2nd 2009
Obama Speaks to Schoolchildren … Where’s the Real Local Control?

Posted under Denver & Early Childhood & Education Politics & Elementary School & Federal Government & High School & Independence Institute & Innovation and Reform & Middle School & Parents & Principals & Public Charter Schools & School Choice & Teachers & Urban Schools

Update 5, 9/8: The speech that went off today, and the lesson plans that accompanied it, were a lot less creepy and controversial than the original release. Who knows how much the uproar had an effect on that? Anyway, I commend to you two thoughtful perspectives on the whole episode: by Jay Greene at Education Next and by coolreformchick at Edspresso.

The good news about the President addressing schoolchildren across the nation? At least this time Congress won’t start an inquiry into it.

Update 4, 9/4: I have gathered and posted numerous responses from Colorado teachers and schools to Obama’s address to schoolchildren. Also, my Education Policy Center friend Ben DeGrow explains what he told Denver Post reporter Jeremy Meyer that didn’t end up being quoted in today’s story.

Update 3, 9/3: Westword blogger Michael Roberts noticed me!! I’m glad he likes my sense of humor. I have a 5-year-old kid crush on him now …. Hope he also reads my latest on this topic.

Update 2: Jim Geraghty notes that the Department of Education has reworded the teacher’s guide to make it less offensive. A good idea … you think? Meanwhile, Douglas County School District south of Denver, the state’s third-largest school district, is allowing parents to opt out. Will others follow?

Update: Jim Geraghty of the Campaign Spot blog notes capitalization and grammar errors in the U.S. Department of Education’s teacher guide for the Obama speech to schoolchildren. That instills a lot of confidence!

The heebie-jeebies, that’s what it gives me, I tell you. Sure some of the bigger kids may just think it’s lame, but I’m kind of creeped out by the idea of the President of the United States giving a speech to all the public schoolchildren in America. When? Next Tuesday, September 8, at 10 AM here in Colorado, that’s when it’s supposed to happen, according to the U.S. Department of Education:

The President will challenge students to work hard, set educational goals, and take responsibility for their learning. He will also call for a shared responsibility and commitment on the part of students, parents and educators to ensure that every child in every school receives the best education possible so they can compete in the global economy for good jobs and live rewarding and productive lives as American citizens.

Do I really need President Obama to take time out of my school day to tell me this? What about phonics? Multiplication tables? Science experiments? Learning about our nation’s Founding?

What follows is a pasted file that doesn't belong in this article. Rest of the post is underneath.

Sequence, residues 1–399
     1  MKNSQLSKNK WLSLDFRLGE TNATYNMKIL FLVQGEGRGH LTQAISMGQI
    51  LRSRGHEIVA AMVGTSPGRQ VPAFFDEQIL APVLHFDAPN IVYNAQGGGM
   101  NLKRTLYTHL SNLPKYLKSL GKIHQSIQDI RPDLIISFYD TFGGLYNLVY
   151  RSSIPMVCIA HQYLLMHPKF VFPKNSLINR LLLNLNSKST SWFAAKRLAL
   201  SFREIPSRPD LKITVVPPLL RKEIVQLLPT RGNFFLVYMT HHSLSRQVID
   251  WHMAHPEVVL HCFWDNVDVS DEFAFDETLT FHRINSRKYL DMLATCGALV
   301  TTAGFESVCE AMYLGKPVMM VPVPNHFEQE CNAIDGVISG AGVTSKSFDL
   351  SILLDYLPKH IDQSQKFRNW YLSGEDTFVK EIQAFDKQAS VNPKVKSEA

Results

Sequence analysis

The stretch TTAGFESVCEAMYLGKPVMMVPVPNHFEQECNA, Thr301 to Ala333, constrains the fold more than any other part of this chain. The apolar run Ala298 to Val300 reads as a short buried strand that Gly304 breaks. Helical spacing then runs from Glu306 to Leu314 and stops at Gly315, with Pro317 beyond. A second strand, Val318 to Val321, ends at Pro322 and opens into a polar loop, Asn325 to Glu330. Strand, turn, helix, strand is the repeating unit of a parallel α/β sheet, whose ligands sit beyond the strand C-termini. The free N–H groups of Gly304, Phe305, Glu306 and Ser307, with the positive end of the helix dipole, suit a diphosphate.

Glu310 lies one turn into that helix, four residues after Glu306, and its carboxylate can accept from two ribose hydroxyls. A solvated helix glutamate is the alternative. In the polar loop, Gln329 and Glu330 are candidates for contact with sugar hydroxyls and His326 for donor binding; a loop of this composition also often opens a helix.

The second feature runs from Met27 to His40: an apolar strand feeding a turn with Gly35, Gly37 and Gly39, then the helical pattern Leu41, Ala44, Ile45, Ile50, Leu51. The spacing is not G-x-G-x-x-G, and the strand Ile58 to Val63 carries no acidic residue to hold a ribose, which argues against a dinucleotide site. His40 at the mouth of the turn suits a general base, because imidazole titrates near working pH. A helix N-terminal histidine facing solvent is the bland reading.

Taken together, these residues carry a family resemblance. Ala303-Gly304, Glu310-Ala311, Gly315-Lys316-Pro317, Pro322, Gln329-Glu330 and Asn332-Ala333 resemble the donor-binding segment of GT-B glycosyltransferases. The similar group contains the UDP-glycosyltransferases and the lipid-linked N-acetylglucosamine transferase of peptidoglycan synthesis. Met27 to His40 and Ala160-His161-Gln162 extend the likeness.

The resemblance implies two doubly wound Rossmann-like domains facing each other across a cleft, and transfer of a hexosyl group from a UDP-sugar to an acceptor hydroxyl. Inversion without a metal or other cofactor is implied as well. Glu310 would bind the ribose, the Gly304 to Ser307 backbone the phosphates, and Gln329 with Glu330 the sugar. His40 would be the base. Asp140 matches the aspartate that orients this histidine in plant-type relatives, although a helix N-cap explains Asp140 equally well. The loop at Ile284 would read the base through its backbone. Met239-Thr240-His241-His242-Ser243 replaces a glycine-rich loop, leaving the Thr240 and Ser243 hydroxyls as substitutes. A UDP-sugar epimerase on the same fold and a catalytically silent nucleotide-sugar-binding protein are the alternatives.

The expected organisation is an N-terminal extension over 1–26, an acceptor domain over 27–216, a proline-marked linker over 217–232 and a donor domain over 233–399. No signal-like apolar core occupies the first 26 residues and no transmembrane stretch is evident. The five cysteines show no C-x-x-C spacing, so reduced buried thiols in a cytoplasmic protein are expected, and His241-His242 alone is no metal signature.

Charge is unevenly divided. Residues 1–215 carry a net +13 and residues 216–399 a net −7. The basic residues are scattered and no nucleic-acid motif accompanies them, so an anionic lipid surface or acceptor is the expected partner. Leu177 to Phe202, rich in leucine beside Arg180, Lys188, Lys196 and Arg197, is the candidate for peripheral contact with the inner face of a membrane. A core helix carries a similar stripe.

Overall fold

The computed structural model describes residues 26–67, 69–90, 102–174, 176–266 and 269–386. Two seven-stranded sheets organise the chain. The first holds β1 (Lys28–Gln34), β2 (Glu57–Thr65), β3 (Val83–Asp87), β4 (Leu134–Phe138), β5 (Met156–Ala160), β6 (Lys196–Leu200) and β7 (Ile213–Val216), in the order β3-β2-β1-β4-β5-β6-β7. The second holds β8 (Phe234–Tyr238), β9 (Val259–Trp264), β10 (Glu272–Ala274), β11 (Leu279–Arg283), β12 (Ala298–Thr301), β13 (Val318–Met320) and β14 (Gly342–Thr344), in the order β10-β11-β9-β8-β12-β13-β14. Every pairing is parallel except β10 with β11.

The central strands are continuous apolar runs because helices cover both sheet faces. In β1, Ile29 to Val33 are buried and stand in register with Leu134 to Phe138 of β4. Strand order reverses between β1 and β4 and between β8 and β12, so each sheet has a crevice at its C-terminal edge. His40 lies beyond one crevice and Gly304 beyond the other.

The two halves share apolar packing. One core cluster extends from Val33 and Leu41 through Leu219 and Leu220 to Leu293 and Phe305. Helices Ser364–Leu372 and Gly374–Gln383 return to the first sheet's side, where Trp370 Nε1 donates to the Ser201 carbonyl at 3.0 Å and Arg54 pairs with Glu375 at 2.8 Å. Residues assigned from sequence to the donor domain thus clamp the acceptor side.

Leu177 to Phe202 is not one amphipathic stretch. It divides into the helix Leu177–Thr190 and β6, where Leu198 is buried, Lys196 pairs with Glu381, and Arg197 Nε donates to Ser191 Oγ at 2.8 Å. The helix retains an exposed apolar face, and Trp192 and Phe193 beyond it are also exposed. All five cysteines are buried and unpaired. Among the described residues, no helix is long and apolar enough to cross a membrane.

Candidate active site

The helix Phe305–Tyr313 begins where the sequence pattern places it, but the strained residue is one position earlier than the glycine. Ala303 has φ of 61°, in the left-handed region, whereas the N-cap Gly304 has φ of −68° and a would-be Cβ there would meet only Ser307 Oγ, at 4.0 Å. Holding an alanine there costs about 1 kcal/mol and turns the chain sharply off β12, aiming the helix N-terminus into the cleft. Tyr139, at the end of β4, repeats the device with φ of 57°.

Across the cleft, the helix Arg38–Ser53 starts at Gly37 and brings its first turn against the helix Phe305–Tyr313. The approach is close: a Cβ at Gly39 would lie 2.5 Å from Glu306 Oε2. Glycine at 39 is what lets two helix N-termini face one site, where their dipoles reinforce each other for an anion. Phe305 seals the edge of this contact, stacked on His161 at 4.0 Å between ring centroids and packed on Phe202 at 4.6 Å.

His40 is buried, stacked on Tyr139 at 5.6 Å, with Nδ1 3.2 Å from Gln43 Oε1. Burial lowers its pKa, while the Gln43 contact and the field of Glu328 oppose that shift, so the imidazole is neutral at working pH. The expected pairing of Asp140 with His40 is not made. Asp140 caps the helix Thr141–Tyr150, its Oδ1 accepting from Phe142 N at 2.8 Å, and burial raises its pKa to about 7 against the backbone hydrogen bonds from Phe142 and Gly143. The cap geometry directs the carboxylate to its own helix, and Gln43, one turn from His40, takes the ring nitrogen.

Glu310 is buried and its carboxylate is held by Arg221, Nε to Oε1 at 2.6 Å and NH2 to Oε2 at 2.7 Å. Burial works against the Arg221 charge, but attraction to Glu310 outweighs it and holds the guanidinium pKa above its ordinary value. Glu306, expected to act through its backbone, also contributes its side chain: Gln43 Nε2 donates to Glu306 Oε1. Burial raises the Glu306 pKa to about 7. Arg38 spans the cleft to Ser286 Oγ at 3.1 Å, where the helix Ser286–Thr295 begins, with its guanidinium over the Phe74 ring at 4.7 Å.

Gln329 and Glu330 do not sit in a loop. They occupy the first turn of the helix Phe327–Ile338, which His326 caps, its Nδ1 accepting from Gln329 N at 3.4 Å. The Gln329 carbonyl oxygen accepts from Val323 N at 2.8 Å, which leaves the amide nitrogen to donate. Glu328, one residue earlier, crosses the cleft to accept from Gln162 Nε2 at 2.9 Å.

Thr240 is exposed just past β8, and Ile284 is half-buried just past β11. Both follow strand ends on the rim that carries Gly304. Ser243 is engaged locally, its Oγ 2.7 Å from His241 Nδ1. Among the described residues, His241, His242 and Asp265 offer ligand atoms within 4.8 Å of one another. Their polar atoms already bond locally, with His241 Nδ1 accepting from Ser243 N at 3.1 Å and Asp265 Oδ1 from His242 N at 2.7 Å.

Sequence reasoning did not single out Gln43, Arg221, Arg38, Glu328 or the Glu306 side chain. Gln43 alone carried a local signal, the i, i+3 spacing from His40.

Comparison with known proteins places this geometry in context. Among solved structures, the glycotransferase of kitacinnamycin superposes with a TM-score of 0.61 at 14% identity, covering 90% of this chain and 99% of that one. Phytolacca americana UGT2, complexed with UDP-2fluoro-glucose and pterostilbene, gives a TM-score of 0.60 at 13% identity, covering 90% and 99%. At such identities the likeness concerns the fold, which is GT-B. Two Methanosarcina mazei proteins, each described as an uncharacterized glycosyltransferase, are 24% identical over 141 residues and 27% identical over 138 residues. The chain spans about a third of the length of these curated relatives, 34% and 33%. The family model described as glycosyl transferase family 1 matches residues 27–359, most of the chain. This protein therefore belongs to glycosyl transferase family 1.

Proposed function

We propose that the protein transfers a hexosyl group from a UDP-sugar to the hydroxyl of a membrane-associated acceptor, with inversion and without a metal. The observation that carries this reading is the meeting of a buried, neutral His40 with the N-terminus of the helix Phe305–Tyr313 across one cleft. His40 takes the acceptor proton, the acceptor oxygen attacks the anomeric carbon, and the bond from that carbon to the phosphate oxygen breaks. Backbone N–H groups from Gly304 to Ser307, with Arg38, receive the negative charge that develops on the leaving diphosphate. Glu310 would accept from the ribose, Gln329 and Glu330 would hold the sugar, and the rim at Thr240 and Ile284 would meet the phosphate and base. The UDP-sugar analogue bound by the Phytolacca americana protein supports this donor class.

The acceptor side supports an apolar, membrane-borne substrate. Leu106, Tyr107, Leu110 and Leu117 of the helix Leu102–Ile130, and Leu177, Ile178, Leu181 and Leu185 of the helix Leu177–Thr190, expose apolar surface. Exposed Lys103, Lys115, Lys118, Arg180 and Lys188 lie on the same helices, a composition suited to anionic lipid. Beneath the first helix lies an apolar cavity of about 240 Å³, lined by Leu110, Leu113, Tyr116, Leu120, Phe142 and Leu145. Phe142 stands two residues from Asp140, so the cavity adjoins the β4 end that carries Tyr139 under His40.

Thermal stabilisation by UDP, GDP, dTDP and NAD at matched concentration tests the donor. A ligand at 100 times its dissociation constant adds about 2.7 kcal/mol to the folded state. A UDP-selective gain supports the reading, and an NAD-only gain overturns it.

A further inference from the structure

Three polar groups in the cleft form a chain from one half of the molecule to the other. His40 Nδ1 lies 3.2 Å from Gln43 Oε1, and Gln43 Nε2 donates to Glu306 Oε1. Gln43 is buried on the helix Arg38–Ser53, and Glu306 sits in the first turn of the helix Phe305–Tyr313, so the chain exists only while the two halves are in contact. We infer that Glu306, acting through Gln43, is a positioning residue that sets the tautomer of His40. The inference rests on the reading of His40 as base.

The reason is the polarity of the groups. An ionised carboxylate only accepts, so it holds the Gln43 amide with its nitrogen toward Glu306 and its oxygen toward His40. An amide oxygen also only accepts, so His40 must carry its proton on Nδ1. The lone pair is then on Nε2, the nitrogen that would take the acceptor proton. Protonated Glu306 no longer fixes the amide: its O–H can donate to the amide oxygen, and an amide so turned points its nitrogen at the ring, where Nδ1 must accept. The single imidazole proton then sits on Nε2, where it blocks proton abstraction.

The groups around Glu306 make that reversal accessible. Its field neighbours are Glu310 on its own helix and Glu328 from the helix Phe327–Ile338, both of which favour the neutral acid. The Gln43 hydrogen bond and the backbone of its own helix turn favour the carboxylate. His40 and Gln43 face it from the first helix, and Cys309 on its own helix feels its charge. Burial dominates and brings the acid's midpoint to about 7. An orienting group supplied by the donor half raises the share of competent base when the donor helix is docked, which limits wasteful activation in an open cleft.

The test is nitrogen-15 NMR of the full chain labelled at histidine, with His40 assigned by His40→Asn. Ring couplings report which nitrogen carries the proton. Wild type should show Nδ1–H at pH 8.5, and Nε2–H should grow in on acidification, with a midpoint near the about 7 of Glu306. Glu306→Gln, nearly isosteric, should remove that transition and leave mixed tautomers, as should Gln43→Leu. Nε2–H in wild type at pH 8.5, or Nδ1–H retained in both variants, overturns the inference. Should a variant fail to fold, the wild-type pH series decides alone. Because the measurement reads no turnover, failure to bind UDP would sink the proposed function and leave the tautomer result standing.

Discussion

Like I said, it’s a little creepy. The exercises assigned by federal bureaucrats for teachers to lead discussions with elementary school and preschool kids (PDF) (there’s also a lesson plan for middle school and high schoolers) include things that parents rightly may see as stepping over the line:

*What do you think the President wants us to do?

*Does the speech make you want to do anything?

*Are we able to do what President Obama is asking of us?

At the very least, what the President and the Department of Education is trying to do looks bad. Some students and parents will feel uncomfortable participating in this unprecedented activity — maybe that makes September 8 a good time to observe those swine flu warnings and stay home.

What about teachers who have a problem with this? Or principals who get a lot of complaints from parents? Can they opt out? We’d love to hear from public school employees — especially in Colorado — who can tell us how this event is being promoted and addressed, and how they plan to respond. Please leave a comment below or send an email to teacher -at-

Finally, when the President is beaming in messages to every public school in the country, what does this say about the oft-quoted doctrine of “local control”? As my friends in the Education Policy Center are fond of reminding me, the best local control is parental choice.

But honestly, it’s just plain a bad idea to mix adult politics with kids’ education in this way. The picture of the sign I posted above may be a little tongue-in-cheek, but given the history with this President it’s hard to see September 8 in any other light.


28 Responses to “Obama Speaks to Schoolchildren … Where’s the Real Local Control?”

  1. Cathy on 02 Sep 2009 at 12:24 pm #

    You are right! This fellow can’t be compared to any other president in history due to his ties with extreme radical people and organizations. The people he’s appointing to his administration have known marxist and communist leanings. These things aren’t just made up by some lunatic. We have every reason to question his motives in speaking to school children across America while they are far away from their parents’ supervision and no opposing voice can be heard. Give me one reason I should trust this guy with my kids. Living in the White House doesn’t count.

  2. Allene on 02 Sep 2009 at 5:10 pm #

    I think he needs to get our country on track, the American way, not socialistic. Stay away from our kids. Stop taking vacations. Be a real president.